Theoremsupinfneg 9292* If a set of real numbers has a least upper bound, the set of the negation of those numbers has a greatest lower bound. For a theorem which is similar but only for the boundedness part, see ublbneg 9307. (Contributed by Jim Kingdon, 15-Jan-2022.)
(𝜑 → ∃𝑥 ∈ ℝ (∀𝑦𝐴 ¬ 𝑥 < 𝑦 ∧ ∀𝑦 ∈ ℝ (𝑦 < 𝑥 → ∃𝑧𝐴 𝑦 < 𝑧)))    &   (𝜑𝐴 ⊆ ℝ)       (𝜑 → ∃𝑥 ∈ ℝ (∀𝑦 ∈ {𝑤 ∈ ℝ ∣ -𝑤𝐴} ¬ 𝑦 < 𝑥 ∧ ∀𝑦 ∈ ℝ (𝑥 < 𝑦 → ∃𝑧 ∈ {𝑤 ∈ ℝ ∣ -𝑤𝐴}𝑧 < 𝑦)))
 
Theoreminfsupneg 9293* If a set of real numbers has a greatest lower bound, the set of the negation of those numbers has a least upper bound. To go in the other direction see supinfneg 9292. (Contributed by Jim Kingdon, 15-Jan-2022.)
(𝜑 → ∃𝑥 ∈ ℝ (∀𝑦𝐴 ¬ 𝑦 < 𝑥 ∧ ∀𝑦 ∈ ℝ (𝑥 < 𝑦 → ∃𝑧𝐴 𝑧 < 𝑦)))    &   (𝜑𝐴 ⊆ ℝ)       (𝜑 → ∃𝑥 ∈ ℝ (∀𝑦 ∈ {𝑤 ∈ ℝ ∣ -𝑤𝐴} ¬ 𝑥 < 𝑦 ∧ ∀𝑦 ∈ ℝ (𝑦 < 𝑥 → ∃𝑧 ∈ {𝑤 ∈ ℝ ∣ -𝑤𝐴}𝑦 < 𝑧)))
 
Theoremsupminfex 9294* A supremum is the negation of the infimum of that set's image under negation. (Contributed by Jim Kingdon, 14-Jan-2022.)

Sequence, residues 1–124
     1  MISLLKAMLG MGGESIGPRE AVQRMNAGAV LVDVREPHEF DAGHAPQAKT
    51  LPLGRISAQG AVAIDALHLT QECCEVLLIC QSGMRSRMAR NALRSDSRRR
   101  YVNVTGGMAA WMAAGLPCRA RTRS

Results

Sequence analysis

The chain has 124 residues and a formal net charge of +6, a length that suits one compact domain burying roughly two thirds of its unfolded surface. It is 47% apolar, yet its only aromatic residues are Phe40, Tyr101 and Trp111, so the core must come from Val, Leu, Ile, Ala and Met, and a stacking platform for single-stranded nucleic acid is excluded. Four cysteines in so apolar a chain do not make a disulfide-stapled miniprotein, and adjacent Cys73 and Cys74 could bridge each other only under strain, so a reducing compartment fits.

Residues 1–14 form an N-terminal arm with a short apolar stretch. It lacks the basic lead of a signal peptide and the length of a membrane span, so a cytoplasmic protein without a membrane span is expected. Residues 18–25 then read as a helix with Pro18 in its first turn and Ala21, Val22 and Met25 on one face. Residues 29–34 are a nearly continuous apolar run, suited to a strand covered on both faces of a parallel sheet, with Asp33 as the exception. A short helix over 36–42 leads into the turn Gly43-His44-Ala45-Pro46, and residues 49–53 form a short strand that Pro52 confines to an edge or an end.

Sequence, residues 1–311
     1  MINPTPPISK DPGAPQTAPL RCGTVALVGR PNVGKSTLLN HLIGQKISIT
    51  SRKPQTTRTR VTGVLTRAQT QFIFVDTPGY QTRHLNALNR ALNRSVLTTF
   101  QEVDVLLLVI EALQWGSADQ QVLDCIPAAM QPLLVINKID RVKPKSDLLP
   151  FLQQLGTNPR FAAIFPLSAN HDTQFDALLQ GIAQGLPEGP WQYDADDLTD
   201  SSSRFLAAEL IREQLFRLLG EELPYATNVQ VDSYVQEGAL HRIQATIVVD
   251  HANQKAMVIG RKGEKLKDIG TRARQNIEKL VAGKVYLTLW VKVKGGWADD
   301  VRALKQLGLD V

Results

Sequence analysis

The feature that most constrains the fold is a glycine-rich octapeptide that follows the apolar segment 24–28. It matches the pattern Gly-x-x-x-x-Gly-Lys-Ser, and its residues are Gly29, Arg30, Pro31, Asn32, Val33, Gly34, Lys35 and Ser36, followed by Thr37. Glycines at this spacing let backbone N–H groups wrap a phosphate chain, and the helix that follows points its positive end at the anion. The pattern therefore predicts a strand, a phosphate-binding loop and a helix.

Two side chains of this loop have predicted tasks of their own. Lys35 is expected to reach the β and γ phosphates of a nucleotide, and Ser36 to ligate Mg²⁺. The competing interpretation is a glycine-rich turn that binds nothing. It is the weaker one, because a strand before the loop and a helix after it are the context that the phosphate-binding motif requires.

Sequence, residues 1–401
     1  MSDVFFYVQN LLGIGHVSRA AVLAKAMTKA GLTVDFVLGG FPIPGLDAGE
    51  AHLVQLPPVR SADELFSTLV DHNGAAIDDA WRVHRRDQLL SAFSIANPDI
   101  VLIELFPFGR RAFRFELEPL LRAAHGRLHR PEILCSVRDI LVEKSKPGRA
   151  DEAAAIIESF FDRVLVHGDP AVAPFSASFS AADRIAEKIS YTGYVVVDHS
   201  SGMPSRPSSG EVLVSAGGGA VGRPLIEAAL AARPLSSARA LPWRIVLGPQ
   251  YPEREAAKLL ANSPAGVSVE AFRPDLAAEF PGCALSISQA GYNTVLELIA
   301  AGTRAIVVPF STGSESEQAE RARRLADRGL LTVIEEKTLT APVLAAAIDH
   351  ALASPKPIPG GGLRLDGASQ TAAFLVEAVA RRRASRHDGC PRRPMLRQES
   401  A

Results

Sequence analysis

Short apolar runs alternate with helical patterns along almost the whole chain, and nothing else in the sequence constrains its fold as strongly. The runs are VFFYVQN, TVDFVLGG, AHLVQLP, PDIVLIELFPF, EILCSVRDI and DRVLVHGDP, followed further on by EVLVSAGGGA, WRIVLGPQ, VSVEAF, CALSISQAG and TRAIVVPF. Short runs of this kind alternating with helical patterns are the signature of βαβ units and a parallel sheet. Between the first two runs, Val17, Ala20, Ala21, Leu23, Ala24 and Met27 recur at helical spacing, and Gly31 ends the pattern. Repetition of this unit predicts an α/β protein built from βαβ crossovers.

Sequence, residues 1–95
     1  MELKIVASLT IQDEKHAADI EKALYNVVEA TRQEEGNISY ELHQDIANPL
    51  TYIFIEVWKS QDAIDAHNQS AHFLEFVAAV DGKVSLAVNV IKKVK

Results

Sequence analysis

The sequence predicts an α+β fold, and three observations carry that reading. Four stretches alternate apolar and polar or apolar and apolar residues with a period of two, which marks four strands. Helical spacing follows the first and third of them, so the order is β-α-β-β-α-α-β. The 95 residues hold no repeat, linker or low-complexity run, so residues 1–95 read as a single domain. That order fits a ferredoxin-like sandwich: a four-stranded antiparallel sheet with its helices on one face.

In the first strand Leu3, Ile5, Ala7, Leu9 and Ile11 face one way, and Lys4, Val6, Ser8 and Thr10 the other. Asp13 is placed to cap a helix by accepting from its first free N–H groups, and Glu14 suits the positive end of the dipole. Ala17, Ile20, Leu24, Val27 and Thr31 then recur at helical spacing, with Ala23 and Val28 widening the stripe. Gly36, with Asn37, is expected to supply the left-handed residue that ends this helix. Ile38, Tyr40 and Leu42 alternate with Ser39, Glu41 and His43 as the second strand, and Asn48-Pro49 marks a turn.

(𝜑 → ∃𝑥 ∈ ℝ (∀𝑦𝐴 ¬ 𝑥 < 𝑦 ∧ ∀𝑦 ∈ ℝ (𝑦 < 𝑥 → ∃𝑧𝐴 𝑦 < 𝑧)))    &   (𝜑𝐴 ⊆ ℝ)       (𝜑 → sup(𝐴, ℝ, < ) = -inf({𝑤 ∈ ℝ ∣ -𝑤𝐴}, ℝ, < ))
 
Theoremeluznn0 9295 Membership in a nonnegative upper set of integers implies membership in 0. (Contributed by Paul Chapman, 22-Jun-2011.)
((𝑁 ∈ ℕ0𝑀 ∈ (ℤ𝑁)) → 𝑀 ∈ ℕ0)
 
Theoremeluznn 9296 Membership in a positive upper set of integers implies membership in . (Contributed by JJ, 1-Oct-2018.)
((𝑁 ∈ ℕ ∧ 𝑀 ∈ (ℤ𝑁)) → 𝑀 ∈ ℕ)
 
Theoremeluz2b1 9297 Two ways to say "an integer greater than or equal to 2." (Contributed by Paul Chapman, 23-Nov-2012.)
(𝑁 ∈ (ℤ‘2) ↔ (𝑁 ∈ ℤ ∧ 1 < 𝑁))
 
Theoremeluz2gt1 9298 An integer greater than or equal to 2 is greater than 1. (Contributed by AV, 24-May-2020.)
(𝑁 ∈ (ℤ‘2) → 1 < 𝑁)
 
Theoremeluz2b2 9299 Two ways to say "an integer greater than or equal to 2." (Contributed by Paul Chapman, 23-Nov-2012.)
(𝑁 ∈ (ℤ‘2) ↔ (𝑁 ∈ ℕ ∧ 1 < 𝑁))
 
Theoremeluz2b3 9300 Two ways to say "an integer greater than or equal to 2." (Contributed by Paul Chapman, 23-Nov-2012.)
(𝑁 ∈ (ℤ‘2) ↔ (𝑁 ∈ ℕ ∧ 𝑁 ≠ 1))